The psalmist’s back is against the wall. He has faced God, he has asked God for rescue, and he has appealed to his own integrity — that’s 119:153. In v. 154 there is a subtle, revealing development.
“Plead/defend my cause and redeem me” is largely the same as 153a — he faces God, he asks God to redeem (or rescue) him. But notice the following:
“Give me life according to your promise” (154b).
Rescuing and redeeming is understood as “life.”
More importantly, instead of appealing to his own integrity, as he does in 153b, in 154b he asks God to preserve his life “according to your promise.” The uttered word of God, the promise that God would be Israel’s God (as Israel remained faithful), is the foundation of his longing for life.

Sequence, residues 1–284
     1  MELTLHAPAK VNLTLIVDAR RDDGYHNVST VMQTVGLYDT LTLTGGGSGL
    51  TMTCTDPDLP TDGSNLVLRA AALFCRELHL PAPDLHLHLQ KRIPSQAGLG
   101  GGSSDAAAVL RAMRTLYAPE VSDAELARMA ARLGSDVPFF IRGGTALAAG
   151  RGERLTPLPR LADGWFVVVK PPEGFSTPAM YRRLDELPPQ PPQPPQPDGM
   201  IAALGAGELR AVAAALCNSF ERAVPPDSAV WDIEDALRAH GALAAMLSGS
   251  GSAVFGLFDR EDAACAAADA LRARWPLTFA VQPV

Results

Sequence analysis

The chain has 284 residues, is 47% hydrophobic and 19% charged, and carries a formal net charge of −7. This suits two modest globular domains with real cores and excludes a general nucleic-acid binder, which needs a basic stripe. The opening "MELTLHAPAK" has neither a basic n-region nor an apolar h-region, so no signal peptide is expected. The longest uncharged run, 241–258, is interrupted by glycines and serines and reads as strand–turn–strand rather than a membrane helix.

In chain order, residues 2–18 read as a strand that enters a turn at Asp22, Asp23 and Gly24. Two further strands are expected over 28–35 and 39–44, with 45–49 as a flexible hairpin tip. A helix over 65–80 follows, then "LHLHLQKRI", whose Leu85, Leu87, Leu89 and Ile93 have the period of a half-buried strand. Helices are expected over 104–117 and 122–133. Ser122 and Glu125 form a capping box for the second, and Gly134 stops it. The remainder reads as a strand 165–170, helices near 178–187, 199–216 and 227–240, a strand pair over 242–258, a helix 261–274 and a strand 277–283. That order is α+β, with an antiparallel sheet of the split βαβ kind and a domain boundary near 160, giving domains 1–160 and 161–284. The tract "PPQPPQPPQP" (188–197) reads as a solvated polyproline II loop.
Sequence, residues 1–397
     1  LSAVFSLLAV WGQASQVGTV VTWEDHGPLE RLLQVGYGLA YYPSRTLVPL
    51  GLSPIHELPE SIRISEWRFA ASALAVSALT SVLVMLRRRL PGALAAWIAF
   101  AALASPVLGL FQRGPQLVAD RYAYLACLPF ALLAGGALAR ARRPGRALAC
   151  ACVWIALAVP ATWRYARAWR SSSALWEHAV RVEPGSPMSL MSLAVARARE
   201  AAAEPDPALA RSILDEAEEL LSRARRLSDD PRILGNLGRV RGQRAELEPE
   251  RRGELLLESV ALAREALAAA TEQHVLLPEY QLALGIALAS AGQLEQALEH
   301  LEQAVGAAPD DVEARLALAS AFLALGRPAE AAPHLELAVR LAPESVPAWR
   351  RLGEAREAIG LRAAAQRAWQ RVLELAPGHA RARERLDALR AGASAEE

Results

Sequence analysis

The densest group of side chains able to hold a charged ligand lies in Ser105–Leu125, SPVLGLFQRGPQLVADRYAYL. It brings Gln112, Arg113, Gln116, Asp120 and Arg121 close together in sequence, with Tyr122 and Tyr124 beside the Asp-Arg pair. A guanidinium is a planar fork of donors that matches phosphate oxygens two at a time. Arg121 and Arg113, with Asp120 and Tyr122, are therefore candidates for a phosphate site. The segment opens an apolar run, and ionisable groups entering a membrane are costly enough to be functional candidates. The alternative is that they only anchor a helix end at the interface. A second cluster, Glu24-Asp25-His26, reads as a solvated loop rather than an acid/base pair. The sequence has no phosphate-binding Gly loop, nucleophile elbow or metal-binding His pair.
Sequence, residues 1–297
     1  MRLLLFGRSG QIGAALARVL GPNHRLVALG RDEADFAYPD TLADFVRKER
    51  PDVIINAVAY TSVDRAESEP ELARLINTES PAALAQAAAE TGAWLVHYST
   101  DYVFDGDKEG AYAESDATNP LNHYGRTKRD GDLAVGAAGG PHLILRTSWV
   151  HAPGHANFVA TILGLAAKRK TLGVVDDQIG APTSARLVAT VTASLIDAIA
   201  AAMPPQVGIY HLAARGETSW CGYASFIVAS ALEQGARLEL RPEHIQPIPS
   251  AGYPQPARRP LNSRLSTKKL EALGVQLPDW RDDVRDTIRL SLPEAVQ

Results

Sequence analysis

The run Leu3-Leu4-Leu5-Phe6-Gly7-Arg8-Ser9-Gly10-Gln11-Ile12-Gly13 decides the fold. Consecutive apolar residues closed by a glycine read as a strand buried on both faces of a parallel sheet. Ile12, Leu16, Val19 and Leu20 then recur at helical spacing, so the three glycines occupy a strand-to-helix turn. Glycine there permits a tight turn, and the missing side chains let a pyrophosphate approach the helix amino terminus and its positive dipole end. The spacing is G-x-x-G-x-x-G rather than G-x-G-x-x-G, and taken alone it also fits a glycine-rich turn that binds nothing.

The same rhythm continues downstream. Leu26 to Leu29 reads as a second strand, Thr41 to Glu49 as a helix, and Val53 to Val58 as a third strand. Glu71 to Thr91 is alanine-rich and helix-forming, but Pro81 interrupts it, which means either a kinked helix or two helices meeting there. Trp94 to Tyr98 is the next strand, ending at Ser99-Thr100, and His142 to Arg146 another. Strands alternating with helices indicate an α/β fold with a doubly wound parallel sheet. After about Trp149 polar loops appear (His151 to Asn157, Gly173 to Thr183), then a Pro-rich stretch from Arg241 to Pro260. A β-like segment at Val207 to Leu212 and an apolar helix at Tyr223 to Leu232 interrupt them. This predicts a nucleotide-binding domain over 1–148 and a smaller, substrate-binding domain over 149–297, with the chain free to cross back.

Covenant faithfulness is what he appeals to with God. He thinks his life should be preserved in order to demonstrate to the world that God is faithful to his covenant words of promise.
Are we this theological? This protective of God’s glory? This protective of God’s reputation? This protective of God’s covenant words of promise? Do we want deliverance in order to bring glory to God or to save our own skin?